Recently a woman I had known for awhile took me up on a group palmistry offer. She invited me to a gathering at her home with a group of women that meet regularly for food, socializing, and metaphysical talk. My acquaintance had started the group.
Good food was shared and everyone introduced themselves. Each month new women come to the gathering from a number of different places.
When my friend introduced me, I presented a brief rundown of how I had gotten involved in palmistry, and what I knew of its history and tradition.
For a dollar a minute for the next couple of hours, I was on. One woman needed to start a book about her life transition; another needed to travel; yet another woman needed to hear that she shouldn’t be working for somebody else, and so on.
After everyone had left, I read a little bit more for my friend. I had read my friend’s palms before, as a present. (Not a bad idea, if you want to give some one a nice gift.) After the reading, she still had one more question: “Why,” she had asked me, sticking out her right hand, “do I still get migraines after all these years? I have tried everything,” she explained.
Having licked a whopper of a migraine just the day before, I could identify with her condition.
The first thing I noted was that there was a deep demarcation between her mound of Venus and her mound of Mars (the two fleshy parts at the base of the thumb). As I have indicated previously, this demarcation indicates conflict between the masculine and the feminine within one’s self, and/or between oneself and a masculine person.
My friend peered anxiously down at the line I was showing her and she agreed.
She had already shared her boyfriend woes with me – as had the other women earlier in the evening. Her boyfriend was perpetually jealous, although she was not involved with other men. Someone had even asked her if her boyfriend had let her put together this gathering?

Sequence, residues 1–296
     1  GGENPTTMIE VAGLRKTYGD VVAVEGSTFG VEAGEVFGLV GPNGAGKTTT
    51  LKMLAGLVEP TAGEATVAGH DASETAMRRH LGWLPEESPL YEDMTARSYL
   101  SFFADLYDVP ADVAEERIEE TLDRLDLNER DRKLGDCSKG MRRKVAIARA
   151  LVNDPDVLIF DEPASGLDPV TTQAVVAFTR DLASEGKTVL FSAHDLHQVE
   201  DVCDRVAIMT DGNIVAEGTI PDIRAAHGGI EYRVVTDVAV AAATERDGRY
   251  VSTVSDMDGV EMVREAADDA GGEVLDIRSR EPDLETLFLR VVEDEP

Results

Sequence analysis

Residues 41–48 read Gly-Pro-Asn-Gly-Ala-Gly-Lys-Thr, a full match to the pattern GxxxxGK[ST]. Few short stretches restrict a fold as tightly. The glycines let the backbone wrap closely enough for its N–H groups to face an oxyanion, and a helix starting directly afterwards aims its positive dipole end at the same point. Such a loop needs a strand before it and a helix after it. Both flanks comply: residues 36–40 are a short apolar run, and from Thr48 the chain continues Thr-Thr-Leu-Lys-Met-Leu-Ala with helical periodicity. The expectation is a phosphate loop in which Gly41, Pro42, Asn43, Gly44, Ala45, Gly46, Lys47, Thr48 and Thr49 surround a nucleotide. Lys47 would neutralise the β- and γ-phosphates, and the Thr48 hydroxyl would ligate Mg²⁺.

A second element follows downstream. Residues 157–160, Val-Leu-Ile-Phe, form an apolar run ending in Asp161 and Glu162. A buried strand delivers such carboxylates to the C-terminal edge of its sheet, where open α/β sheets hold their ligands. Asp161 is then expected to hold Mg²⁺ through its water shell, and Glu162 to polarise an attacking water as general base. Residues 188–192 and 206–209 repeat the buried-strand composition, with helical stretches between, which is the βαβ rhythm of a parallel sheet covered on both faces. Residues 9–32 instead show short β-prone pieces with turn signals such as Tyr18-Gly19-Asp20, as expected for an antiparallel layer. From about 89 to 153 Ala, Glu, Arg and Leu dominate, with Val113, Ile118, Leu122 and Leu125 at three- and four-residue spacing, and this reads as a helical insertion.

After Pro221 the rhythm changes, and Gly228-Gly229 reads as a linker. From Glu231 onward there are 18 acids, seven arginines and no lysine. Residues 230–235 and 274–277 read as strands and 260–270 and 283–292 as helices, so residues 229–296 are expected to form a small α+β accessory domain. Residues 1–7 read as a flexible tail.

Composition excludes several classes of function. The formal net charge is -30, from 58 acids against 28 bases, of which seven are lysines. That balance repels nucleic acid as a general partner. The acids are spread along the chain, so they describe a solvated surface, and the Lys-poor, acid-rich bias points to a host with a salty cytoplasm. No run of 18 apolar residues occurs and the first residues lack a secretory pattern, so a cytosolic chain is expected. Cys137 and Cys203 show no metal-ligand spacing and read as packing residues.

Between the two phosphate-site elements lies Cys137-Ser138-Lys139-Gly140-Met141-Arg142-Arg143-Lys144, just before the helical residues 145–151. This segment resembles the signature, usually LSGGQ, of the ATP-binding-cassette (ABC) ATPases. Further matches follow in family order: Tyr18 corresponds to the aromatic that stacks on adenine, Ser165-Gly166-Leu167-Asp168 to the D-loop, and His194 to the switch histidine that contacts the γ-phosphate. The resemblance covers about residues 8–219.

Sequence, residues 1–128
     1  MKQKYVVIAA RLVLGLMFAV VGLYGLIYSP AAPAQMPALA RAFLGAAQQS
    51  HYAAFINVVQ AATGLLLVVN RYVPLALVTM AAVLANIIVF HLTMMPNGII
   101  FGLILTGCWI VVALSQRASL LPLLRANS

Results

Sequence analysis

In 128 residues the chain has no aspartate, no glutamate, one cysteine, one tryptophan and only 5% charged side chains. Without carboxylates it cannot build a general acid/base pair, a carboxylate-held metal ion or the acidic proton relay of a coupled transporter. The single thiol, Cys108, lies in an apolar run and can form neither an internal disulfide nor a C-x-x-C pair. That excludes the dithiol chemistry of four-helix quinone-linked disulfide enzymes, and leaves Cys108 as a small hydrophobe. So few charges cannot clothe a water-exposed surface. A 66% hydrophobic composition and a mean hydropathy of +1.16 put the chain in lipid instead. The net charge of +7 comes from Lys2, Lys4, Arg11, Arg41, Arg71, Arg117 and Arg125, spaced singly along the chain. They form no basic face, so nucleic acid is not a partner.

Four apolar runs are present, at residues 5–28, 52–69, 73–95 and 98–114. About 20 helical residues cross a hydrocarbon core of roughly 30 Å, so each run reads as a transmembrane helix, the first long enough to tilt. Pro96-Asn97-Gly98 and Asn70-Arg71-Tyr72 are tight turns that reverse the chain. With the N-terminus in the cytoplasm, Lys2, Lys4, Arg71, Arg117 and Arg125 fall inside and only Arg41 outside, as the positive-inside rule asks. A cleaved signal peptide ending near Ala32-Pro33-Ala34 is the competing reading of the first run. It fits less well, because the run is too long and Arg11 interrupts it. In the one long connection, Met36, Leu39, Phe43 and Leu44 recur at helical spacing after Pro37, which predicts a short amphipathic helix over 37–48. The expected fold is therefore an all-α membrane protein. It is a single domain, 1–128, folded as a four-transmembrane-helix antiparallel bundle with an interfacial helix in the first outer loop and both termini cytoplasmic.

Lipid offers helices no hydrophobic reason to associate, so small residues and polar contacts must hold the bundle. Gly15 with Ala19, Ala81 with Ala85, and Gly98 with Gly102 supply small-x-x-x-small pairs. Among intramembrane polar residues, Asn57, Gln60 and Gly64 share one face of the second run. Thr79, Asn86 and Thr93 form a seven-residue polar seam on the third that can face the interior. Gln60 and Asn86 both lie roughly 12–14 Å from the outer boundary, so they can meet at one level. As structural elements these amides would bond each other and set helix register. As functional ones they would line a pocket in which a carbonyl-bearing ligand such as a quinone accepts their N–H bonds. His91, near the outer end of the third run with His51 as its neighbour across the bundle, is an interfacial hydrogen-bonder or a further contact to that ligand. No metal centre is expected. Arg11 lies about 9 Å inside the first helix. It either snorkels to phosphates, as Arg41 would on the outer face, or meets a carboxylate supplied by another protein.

She responded to the Rorschach test of this line by confessing that she preferred the social company of women, which is why she had started the social ritual. Then she recited a list of criticisms she often received. She was too masculine, so she was always trying to hold her masculine energy back. She was too pushy, too domineering, and as a consequence she was often apologizing for her traits that were not considered socially acceptable in a woman.
“And then,” I said, “do you see this very long line that goes the entire extent of your life line, but is closer to the palm?”
She looked down again and answered yes. She raised her eyes back to mine again, searching for illuminating answers.
“Well, this can be interpreted a couple of ways. One is that you have a double life, a secret life, something that is important to you that you hide, suppress, or try to keep out of your main life; like someone who lives with a vegetarian and sneaks out to Taco Bell for meat on a regular basis. Or you are writing a novel and hiding it in your closet while you hold down a real job. You have an alternate identity. Get it? Like a deep shadow that follows alongside your public self.”
I continued exuberantly, feeling I was on to something here.
“This alter ego is cut off from the persona that you present out in the world. Like Superman to Clark Kent. Every once in awhile, you fly off to be who you really are or want to be. You live out your secret desires. You run in that alternate lane. The rest of the time, you are suppressing the real you and your inner strength. You are hobbling along, jogging in one track of your life, but slowly and you never get very far. You don’t arrive, because so much of your energy is held off. Or you arrive, and let go of the sought after destination, because you don’t feel fulfilled. It wasn’t what the real you wanted anyway.”
I hesitated. Had I gone too far? Had I said something too personal? Palmists struggle with such questions frequently.
I brought the conversation back to the migraines, the original question.
“So the migraines, this energy of suppressing your inner self takes a lot out of you. This inner conflict results in the migraines. The next time you get a headache, meditate. Go inside the pounding. Feel what wants to come out, and then make a date with that part of yourself, much like you make this monthly date to be with other women. Make that date to be with your real self. Maybe by being with women you are being true to your real self, and the part of you that tries to shape the side of you that prefers women in this heteronormative society is forcing you to presenting a false persona to everyone else.”
Well, I don’t think I used the word heteronormative. This word I thought of when I wrote up this column, realizing what I should have said long after the moment of opportunity and heightened connection.
Batya Weinbaum is a proficient palmist, artist, and writer. Call (216) 233-0567 for a consultation. She runs a monthly teaching newsletter, Tending the Soul Through the Palms. A subscription is $35. Email firstname.lastname@example.org for more information.